Al-Zaytuna Mosque, Tunis
Tunis – Nabil Zaghdoud
The return of Zaytuni education in Tunisia has caused wide controversy. Some have welcomed it, while others are against the 13-century-old form of education. “The institution of the al-Zaytuna Mosque
will be an independent scientific institution away from all partisan influence,” said an official statement from supporters of the move.
However, critics have said: “This education does not conform with the tenets for general education that the government provides under the flag of republican and civilian values.”
Fathi al-Khemiri, amemeber of an Arabic association of "al-Zaytuna Mosque lovers", filed a lawsuit to facilitate the return of the educational model, telling Arabstoday: “The return of this scientific and religious beacon is something very important in light of the increase of religious extremism we are currently experiencing. The aim of its return to Tunisia and north Africa is to spread the moderate values of religion.”
He also said it would serve to restore the historical scientific and religious role of Zaytuna after it was closed in 1962 due to a decree by late president Habib Bourguiba, which forced the teachers and professors to join state education as part of Bourguiba's move to modernise education.
The head of the scientific body in the mosque, Sheikh Hassein al-Obeidi, told Arabstoday that the lessons launched on May 13 were attended by 1800 students, comprising both genders.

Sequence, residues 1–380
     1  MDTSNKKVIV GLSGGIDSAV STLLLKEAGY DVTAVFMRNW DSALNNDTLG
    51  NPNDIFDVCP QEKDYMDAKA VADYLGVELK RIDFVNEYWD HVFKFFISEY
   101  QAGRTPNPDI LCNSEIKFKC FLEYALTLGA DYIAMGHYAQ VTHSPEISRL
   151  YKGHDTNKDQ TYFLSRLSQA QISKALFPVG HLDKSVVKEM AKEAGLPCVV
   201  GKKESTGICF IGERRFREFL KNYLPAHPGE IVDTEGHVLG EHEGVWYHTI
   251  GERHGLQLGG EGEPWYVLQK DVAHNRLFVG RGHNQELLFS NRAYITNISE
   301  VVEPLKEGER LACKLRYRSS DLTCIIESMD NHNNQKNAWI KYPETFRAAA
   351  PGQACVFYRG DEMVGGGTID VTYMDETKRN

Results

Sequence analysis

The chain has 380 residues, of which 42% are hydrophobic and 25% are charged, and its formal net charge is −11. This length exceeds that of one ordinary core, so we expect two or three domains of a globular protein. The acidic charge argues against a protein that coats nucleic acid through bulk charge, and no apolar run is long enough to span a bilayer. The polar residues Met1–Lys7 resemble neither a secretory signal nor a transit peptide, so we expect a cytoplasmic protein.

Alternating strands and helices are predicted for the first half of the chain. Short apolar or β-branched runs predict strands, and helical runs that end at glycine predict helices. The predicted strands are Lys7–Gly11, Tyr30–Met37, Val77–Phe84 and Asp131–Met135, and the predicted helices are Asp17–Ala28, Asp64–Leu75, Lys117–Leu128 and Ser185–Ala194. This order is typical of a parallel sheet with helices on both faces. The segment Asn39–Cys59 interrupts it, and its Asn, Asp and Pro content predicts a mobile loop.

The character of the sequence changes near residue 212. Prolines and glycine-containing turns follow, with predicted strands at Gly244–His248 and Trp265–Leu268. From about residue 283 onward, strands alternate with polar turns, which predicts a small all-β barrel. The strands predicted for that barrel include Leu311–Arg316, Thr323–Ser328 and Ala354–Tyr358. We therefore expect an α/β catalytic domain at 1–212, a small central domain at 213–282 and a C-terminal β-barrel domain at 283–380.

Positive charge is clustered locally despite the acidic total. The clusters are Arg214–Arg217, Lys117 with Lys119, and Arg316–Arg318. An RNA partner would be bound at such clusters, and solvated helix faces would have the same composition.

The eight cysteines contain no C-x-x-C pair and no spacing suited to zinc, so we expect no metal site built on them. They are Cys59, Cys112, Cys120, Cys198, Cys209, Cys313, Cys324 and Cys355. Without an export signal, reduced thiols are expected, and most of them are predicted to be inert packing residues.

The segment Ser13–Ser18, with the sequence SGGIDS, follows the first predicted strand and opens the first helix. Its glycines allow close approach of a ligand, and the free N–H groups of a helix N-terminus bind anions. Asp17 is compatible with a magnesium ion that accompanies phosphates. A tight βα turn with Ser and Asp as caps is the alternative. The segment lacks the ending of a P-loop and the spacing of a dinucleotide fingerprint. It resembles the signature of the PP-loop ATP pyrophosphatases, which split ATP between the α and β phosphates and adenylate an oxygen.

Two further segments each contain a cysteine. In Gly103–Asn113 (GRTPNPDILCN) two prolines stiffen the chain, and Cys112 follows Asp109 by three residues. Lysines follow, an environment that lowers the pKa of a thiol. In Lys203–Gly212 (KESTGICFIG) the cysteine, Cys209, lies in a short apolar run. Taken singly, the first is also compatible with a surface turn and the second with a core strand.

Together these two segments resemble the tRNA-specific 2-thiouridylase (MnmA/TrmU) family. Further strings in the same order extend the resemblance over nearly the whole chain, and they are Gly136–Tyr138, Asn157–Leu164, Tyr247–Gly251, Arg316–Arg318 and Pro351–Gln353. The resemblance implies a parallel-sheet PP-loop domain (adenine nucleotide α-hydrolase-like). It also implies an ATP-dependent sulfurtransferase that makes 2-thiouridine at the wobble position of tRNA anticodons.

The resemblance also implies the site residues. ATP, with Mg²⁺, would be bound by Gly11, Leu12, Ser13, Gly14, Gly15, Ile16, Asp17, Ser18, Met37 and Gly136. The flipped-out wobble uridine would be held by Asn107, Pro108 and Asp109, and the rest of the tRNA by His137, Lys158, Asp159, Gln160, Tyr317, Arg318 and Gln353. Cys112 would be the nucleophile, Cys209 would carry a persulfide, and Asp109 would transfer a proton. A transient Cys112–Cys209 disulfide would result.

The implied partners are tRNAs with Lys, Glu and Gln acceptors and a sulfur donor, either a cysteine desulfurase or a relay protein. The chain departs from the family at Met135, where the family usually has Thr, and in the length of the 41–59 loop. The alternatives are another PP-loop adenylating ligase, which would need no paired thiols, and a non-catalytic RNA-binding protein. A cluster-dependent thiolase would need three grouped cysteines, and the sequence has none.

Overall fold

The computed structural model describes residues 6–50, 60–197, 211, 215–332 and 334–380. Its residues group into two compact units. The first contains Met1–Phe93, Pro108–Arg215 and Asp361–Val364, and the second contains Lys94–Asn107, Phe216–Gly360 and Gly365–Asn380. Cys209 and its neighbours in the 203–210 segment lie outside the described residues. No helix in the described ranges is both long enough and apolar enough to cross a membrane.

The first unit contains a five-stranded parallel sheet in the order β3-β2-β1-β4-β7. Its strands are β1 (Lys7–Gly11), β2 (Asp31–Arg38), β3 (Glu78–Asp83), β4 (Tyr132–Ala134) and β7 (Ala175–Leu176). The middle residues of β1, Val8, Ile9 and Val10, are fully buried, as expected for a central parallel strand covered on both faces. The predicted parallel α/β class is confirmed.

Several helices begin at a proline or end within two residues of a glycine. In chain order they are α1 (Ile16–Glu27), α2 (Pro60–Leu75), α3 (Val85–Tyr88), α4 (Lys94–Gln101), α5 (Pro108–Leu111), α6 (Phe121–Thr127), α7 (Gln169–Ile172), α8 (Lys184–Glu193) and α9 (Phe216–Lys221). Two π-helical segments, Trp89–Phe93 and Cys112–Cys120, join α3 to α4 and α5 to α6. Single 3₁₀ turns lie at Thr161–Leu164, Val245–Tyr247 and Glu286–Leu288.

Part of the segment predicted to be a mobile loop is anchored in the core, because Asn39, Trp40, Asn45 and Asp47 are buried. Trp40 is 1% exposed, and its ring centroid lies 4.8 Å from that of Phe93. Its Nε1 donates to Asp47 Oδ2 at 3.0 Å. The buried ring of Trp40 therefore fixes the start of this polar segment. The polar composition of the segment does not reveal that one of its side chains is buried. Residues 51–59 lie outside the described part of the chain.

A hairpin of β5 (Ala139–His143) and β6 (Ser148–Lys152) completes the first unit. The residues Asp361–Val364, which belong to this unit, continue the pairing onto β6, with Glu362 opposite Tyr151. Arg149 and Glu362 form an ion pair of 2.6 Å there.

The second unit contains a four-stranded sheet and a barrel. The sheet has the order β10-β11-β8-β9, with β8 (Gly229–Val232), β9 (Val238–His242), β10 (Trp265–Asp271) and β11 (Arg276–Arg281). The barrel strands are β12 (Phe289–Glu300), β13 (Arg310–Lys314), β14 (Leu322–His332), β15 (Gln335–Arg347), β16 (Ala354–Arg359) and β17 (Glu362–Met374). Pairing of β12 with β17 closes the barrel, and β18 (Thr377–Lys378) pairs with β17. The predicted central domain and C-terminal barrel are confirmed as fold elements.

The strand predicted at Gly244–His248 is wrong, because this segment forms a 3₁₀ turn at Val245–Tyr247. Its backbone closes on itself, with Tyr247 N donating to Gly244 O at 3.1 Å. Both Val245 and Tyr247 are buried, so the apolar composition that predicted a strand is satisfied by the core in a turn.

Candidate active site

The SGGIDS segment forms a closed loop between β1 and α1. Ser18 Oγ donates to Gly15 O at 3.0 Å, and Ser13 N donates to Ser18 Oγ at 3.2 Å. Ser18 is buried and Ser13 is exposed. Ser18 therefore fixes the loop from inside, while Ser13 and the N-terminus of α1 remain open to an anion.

He also said that 25 branches would open across the nation, saying: "We teach Islamic studies and, the education has nothing to do with current politics...we will offer several specialisations."
"The education and teachers are independent and have no political affiliations," he added.
Rachid Ghannouchi, the head of the Tunisia's ruling moderate Islamist Ennahda party, has said "the return of the Zaytuni education is a correction of a historic mistake towards our religion and our country, and that the Zaytuni institution is a guardian of the Arab Islamic identity and is its exporter to Africa".
Tunisia's ministry of religious affairs had declared that “introducing an integrated vision and preparing a Zaytuni education project will take place through partnership between it, the Zaytuni teachers, ministers of higher education and scientific research and education".
Ali al-Lafi, the political and medial consultant of the religious affairs ministry, said to Arabstoday: “The Zaytuni education project will take place through making use of the experiences of Islamic universities such as al-Azhar in Egypt and al-Qarawiyyin in Morocco."
"It will seek to make Zaytuni education contemporary and enlightened in a way that reinforces national unity, guides moderate religious intellect and eradicates religious ignorance," he added.
The health ministry however has opposed the Zaytuna Mosque's proposal to teach medicine as well.
The leftist Social Democratic Path also warned of the danger of reviving Zaytuni education as MP Samir Battaib said they were against religious education. He said a statement to Arabstoday that he was committed to the unity of the education system, both general and private. "This may lead to division on a doctrinal and ideological basis between people," he warned.
Al-Zaytuna Mosque is the first religious intellectual institution in Africa and is categorised among renowned Islamic universities such as al-Azhar and al-Qarawiyyin. It also had a major role in the graduation of thousand of scholars.